Each year, 66,000 H-2B visa guest workers enter the United States to perform nonagricultural temporary and seasonal jobs in industries such as forestry, landscaping, hospitality, seafood processing, and construction. The workers typically perform “relatively low-skilled” jobs and often work in “geographic areas where the number of available U.S. workers is limited.” They comprise less than 0.001% of total U.S. employment.
Far from reducing job availability for U.S. workers, the H-2B program is essential to many smaller and seasonal businesses. It “supplies a source of supplementary labor for [physically demanding] jobs that U.S. workers are unwilling to take.” H-2B workers provide a “legal, stable and motivated work force,” allowing businesses to grow and create more jobs for Americans as well. U.S. workers, though cheaper to hire, are not always available, interested, or dependable.
By contrast, employers have reported that H-2B employees are consistently reliable and hard-working, and their productivity helps offset the cost of recruiting and hiring them. H-2B employment also correlates with higher U.S. employment rates. Without the program, many employers would go unstaffed, close their doors, and cause “lost income for American businesses, and lost tax revenues” for the States.
Despite these benefits, the program’s cumbersome nature discourages employer participation: “[T]he system [is] complicated, time-consuming, costly and inefficient.” Petitioning employers must prove “[t]here are not enough U.S. workers who are able, willing, qualified, and available to do the temporary work.” They must make “extensive efforts to recruit U.S. workers,” file documentation with four different government agencies, and foot the bill for guest workers’ visas and transportation costs.
Once the 66,000 annual cap is reached, the U.S. Citizenship and Immigration Services (USCIS) stops accepting petitions and will not issue additional visas until the next year. This means that even after expending significant time and money into the petition process, many employers fail to secure their necessary workforce and are in a worse position than before they applied. Even one small mistake in the “complicated application process can mean delayed approval or visas denied—both extremely costly for employers.” The uncertainty involved in the petition process incentivizes employers to petition for more H-2B workers than they actually need, “just in case their business takes off or some of their workers quit after the quota is hit.” Employers who do so, and whose petitions are approved, further decrease the likelihood of other employers receiving their necessary visas.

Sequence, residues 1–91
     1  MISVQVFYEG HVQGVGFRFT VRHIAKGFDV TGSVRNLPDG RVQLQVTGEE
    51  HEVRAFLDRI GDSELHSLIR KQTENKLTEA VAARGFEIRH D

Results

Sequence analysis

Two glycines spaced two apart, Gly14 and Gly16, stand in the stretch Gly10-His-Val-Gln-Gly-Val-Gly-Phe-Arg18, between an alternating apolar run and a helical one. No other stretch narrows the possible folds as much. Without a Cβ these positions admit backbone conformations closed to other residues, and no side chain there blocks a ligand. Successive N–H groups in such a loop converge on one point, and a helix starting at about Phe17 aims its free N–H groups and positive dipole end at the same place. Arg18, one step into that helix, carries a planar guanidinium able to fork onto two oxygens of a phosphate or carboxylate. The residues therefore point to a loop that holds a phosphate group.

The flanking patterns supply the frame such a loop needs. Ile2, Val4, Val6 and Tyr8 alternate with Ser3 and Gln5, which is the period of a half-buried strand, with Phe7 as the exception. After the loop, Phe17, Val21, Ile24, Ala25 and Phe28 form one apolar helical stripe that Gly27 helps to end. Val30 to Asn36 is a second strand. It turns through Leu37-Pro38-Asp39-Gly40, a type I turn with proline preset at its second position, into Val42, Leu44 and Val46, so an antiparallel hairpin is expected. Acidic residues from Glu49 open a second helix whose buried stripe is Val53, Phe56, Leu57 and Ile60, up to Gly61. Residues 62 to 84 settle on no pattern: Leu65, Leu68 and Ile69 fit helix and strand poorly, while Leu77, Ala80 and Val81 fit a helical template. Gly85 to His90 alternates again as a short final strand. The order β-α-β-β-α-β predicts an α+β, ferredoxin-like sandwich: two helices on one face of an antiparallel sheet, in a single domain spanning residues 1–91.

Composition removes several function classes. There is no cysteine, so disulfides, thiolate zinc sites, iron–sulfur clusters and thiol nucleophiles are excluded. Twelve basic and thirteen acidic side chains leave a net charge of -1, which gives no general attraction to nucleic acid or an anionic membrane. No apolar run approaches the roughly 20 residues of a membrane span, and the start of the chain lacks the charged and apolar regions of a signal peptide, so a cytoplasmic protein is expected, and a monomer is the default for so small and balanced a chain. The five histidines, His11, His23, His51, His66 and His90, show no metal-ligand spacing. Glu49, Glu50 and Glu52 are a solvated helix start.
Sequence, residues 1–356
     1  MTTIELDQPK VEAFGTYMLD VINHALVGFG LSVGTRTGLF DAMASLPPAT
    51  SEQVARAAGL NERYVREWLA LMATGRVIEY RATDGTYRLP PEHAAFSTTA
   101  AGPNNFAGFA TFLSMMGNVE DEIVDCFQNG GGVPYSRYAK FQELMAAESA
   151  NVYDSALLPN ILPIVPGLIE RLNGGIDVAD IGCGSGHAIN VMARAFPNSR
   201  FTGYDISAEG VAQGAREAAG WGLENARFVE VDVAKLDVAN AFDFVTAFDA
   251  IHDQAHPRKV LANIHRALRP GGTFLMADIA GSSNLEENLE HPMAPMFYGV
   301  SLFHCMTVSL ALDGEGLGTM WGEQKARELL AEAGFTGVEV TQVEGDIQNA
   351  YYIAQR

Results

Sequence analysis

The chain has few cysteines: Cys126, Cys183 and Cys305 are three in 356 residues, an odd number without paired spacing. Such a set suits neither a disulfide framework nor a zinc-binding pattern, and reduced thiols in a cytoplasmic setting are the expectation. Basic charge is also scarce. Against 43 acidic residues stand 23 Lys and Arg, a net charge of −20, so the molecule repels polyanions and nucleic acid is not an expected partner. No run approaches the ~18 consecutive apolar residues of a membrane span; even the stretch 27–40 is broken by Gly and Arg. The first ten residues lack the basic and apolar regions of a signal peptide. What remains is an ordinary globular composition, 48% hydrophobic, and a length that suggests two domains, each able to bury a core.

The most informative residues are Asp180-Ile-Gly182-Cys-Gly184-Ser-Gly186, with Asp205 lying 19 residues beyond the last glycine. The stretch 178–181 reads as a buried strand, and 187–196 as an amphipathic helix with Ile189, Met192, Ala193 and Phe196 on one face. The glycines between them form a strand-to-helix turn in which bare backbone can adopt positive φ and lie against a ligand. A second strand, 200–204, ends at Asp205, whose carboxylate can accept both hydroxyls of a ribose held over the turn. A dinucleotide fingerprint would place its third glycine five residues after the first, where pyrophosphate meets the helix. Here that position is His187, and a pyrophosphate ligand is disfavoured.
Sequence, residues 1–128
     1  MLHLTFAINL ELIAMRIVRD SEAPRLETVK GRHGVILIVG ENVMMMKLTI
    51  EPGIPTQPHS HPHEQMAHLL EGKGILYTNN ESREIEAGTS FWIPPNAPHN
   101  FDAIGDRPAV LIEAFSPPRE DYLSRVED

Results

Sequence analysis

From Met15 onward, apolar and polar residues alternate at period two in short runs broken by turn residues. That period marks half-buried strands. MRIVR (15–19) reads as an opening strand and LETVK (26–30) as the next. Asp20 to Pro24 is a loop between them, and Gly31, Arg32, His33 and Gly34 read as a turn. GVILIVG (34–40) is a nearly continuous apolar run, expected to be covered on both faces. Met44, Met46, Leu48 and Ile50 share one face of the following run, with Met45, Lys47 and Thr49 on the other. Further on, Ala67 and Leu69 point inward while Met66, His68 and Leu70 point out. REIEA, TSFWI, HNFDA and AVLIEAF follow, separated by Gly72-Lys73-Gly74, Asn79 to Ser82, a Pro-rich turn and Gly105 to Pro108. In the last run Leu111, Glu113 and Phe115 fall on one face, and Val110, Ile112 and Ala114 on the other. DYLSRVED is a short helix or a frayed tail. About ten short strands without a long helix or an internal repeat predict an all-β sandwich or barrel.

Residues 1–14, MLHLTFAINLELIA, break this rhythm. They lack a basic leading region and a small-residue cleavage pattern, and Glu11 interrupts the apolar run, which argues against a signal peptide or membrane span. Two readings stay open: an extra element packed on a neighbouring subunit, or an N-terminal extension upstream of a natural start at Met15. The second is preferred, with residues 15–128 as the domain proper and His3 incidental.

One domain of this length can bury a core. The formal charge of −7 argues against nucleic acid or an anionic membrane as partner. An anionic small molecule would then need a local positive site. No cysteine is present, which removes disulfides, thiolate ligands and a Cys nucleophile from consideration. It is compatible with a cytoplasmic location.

Employers may use the premium processing track to “expedite the adjudication of certain forms,” but doing so costs an additional fee of $1,500 per petition. Employers are also financially responsible for guest workers’ roundtrip transportation to and from their home countries, daily meals and lodging, and for each “visa, visa processing, and other related fees.” Finally, businesses often require consultants and lawyers to navigate the process, adding to their costs.
Each employer individually shoulders the full financial burden of this process, because H-2B workers may not “switch employers during their visa terms.” In order for a guest worker to continue working for a second employer after her original visa term ends, the putative secondary employer must file and receive approval for a petition “requesting classification and an extension of the alien’s stay in the United States.” H-2B workers are required to leave the States at the end of their authorized period of stay, so if the secondary petition has not yet been granted, the worker must travel home before turning around and returning to the States for the second job. This unnecessarily duplicative process only adds to employer cost and restricts the employees’ access to stable employment.
Visa portability, whereby an H-2B worker may transfer her employment from one authorized employer to another without an intermediate petition process, is the best solution to this problem. Portability would encourage cost-spreading, allowing employers to share in recruitment, visa, and transportation expenses for shared workforces. For example, Colorado’s Steamboat ski resort hires H-2B employees as dishwashers for its winter season, from late November to April. Lindy’s Seafood in Maryland hires H-2B workers as crab pickers from April through December. Visa portability would allow Steamboat to send its H-2B workers to Lindy’s at the end of the ski season for the start of Lindy’s crab-processing season, as long as both companies proved a seasonal need for temporary workers and were approved by USCIS. Steamboat and Lindy’s could share the costs of the visa petition and travel expenses and provide workers with a longer term of employment. This would increase efficiency and make H-2B employment more affordable—benefitting both the workers and U.S. businesses.